Based on a study published in the Journal of Clinical Sleep Medicine, you need to be cautious as to when you stop consuming caffeine.
Even a full six hours before retiring could put you at risk of having your sleep time reduced by one hour. So, it is prudent to avoid caffeine after 5 pm, however, after 4 pm or 3 pm is better!
If you've been on caffeine for so long, and you're worried that by 3 pm you might experience an afternoon slump, engage in some kind of exercise, if only for 10 minutes. Research published in Physiology and Behavior indicates that walking around the block, climbing stairs, and similar activities can help boost your energy level, more so than a low dose of caffeine such as the amount in a cup of green or black tea.
Avoid alcohol in the evening. Alcohol will induce sleep quickly, then dehydrates your body and wakes you up before you are due. You then have trouble getting back to sleep. Your sleep time is reduced, and your sleep quality is poor.
You've probably heard that R.E.M.s (rapid eye movements) are a crucial part of your sleep cycle. To ensure that your sleep time benefits are maximized, heed the following: don't sleep with your head by a phone – remove it from your bedroom.
Many people sleep with their heads by phones because they’re concerned about the one possible call in fifteen years where they might have to arise at 3:00 am. Stop this! You cannot do much at that hour. You’ll be better off with sound sleep each night.
When you read in bed, do so only to induce drowsiness, but don't overdo this. It's important to make your bed and bedroom for sleeping (and, of course, sex) only. Don't set up your bedroom as a command station with your CD player and TV to reinforce the notion that it is a place for anything but sleep.
In your quest to get good sleep, when you eat your meals at the same time every day, you help to maintain your circadian rhythm, regulate your metabolism, and get good sleep that night. Your body seeks regularity, and eating on schedule is a huge boost. It also helps to have a three-hour window between the last time you ate and when you go to bed.
During the day, undertake some type of exercise that elevates your heart rate so that you have a better time drifting off at night. As long as it’s not close to bedtime, the time of day is not critical. Regardless, exercise is definitely an antidote to stress, helping to keep you calm. Hence, you drift off more easily upon retiring.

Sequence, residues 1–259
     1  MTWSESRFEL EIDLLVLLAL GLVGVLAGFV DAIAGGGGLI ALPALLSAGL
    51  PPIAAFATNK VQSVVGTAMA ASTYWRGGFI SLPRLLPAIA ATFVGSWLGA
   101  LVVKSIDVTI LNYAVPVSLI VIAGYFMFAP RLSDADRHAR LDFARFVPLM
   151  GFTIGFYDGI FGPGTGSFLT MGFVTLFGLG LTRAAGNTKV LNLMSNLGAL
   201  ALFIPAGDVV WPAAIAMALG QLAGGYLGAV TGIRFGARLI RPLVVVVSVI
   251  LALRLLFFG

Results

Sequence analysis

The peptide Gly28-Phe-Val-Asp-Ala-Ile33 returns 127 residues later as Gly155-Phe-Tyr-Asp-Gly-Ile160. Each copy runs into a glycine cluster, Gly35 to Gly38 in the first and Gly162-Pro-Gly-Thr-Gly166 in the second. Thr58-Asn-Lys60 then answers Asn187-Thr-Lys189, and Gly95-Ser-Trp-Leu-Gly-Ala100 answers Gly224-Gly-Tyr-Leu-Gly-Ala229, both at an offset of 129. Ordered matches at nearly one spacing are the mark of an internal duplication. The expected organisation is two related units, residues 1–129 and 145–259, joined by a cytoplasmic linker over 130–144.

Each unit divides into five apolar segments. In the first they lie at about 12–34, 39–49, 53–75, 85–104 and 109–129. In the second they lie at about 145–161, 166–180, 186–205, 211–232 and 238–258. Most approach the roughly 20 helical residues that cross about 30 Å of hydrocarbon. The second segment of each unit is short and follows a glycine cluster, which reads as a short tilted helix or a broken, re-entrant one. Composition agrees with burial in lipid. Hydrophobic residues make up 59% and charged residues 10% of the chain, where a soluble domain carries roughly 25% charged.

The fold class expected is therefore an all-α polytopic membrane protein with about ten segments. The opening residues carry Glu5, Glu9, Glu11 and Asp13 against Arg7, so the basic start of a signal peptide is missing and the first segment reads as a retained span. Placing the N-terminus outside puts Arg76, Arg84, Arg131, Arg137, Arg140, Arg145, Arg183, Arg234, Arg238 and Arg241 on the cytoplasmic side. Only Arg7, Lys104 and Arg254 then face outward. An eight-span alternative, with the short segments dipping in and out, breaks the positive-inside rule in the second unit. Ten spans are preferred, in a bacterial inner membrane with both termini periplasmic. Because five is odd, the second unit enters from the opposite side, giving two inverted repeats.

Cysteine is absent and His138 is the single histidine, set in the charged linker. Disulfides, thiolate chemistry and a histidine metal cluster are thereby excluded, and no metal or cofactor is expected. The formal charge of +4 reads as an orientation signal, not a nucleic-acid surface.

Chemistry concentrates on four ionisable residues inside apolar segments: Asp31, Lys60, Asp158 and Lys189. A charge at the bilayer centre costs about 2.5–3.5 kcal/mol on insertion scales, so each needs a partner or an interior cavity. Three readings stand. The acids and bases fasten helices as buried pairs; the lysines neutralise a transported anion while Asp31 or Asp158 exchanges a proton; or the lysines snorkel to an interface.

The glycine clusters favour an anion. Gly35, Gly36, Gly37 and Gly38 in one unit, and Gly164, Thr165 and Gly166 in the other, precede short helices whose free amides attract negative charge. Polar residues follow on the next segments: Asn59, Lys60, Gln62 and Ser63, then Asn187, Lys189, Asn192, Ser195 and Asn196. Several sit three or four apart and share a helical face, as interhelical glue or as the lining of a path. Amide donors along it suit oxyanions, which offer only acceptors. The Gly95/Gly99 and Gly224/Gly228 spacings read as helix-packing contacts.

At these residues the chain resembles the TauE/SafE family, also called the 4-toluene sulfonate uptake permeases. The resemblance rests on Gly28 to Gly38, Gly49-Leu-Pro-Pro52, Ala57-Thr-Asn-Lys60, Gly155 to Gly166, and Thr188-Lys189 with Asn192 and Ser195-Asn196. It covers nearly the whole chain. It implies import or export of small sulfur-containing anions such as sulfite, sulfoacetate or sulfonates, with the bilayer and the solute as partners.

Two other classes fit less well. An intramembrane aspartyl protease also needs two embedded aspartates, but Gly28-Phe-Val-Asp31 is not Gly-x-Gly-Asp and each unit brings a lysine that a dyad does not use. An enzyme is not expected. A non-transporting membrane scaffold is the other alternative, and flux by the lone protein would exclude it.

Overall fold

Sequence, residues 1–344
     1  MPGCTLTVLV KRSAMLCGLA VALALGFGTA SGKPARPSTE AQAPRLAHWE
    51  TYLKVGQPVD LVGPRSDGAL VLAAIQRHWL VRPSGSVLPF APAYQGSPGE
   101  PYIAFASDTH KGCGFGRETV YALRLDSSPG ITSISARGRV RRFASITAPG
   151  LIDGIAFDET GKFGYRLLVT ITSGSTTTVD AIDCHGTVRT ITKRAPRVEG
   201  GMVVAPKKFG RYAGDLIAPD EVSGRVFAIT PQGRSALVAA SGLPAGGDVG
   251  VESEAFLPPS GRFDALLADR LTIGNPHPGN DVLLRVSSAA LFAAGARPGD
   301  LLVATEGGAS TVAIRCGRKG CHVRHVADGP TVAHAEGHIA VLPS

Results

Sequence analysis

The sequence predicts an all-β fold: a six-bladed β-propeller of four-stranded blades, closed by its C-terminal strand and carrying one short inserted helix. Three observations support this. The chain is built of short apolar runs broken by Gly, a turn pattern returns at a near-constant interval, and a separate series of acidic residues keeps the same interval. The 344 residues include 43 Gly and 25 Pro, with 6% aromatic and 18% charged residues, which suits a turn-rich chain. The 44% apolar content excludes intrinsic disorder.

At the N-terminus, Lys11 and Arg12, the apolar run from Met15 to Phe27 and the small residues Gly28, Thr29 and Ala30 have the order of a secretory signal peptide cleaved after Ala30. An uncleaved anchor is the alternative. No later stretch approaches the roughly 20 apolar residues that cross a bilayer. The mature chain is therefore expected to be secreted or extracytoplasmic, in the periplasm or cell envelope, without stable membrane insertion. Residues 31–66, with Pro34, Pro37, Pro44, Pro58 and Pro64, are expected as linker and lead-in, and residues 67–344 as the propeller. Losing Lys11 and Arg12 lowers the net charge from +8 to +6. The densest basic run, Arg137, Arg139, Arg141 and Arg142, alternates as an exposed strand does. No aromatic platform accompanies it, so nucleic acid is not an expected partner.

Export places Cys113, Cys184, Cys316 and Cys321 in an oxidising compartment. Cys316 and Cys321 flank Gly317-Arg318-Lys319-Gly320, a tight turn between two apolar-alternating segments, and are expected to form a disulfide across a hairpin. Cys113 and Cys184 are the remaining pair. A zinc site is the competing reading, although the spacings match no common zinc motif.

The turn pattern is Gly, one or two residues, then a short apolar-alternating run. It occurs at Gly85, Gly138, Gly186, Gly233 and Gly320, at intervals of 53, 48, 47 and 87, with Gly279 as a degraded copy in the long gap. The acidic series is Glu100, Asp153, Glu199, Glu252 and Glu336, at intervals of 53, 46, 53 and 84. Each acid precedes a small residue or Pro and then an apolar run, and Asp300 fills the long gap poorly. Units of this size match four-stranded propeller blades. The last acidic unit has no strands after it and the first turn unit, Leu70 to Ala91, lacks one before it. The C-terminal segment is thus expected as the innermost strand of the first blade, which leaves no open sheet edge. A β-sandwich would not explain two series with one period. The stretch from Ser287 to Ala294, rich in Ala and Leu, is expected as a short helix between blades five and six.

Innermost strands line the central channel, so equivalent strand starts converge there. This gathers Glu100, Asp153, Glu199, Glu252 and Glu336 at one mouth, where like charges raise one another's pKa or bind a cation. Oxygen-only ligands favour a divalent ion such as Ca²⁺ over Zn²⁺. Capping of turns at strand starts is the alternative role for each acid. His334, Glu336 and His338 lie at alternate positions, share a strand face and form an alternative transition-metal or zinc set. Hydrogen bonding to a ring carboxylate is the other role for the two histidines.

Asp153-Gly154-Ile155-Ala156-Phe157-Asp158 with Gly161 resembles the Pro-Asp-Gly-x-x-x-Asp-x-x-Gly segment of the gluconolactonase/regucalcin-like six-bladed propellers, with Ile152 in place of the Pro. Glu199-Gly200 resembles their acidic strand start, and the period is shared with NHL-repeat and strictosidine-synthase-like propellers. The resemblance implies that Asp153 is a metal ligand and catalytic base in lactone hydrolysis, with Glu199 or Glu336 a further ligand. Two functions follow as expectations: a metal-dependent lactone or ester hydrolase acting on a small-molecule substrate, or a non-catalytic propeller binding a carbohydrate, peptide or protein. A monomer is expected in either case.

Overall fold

What about evening exercise? Moderate exercise a couple hours before sleep does aid sound sleep, but don’t exercise right before retiring. Also, moderate intake of proteins a little before retiring, such as a glass of milk, can help you attain restful sleep.
Doctoral researchers at the University of Texas, in the Department of Biomedical Engineering reviewed a staggering 5,322 studies, contained in scientific and medical databases, to arrive at the following conclusion and they published their analysis in the Journal of Sleep Medicine Review:
The ideal time to take a bath or a shower, to help induce sleep, is one to two hours before retiring. As such, you help to cool down the body and improve blood circulation all the way to the extremities, including your feet and hands.
Medical News Today indicates that a warm bath or shower enhances your temperature-related circadian rhythm, which helps people to fall asleep more quickly and easily and improves their sleep quality. Your bath or shower need not take more than 10 minutes.
Don't fret if you fail to fall asleep right away. You might need a couple minutes or more to relax. After 30 consecutive minutes of restlessness, get up and do something until you're tired again.
When you sleep too little, or are awakened at random times, your deep sleep pattern is disrupted, and hence even eight hours might not yield the benefits of a solid eight hours of sleep. All of which means you need to ensure that when you go to bed, your sleep time is protected!
Jeff Davidson is "The Work-Life Balance Expert®" and the premier thought leader on work-life balance, integration, and harmony. Jeff speaks to organizations that seek to enhance their overall productivity by improving the effectiveness of their people. He is the author of Breathing Space, Simpler Living, Dial it Down, and Everyday Project Management. Visit www.BreathingSpace.com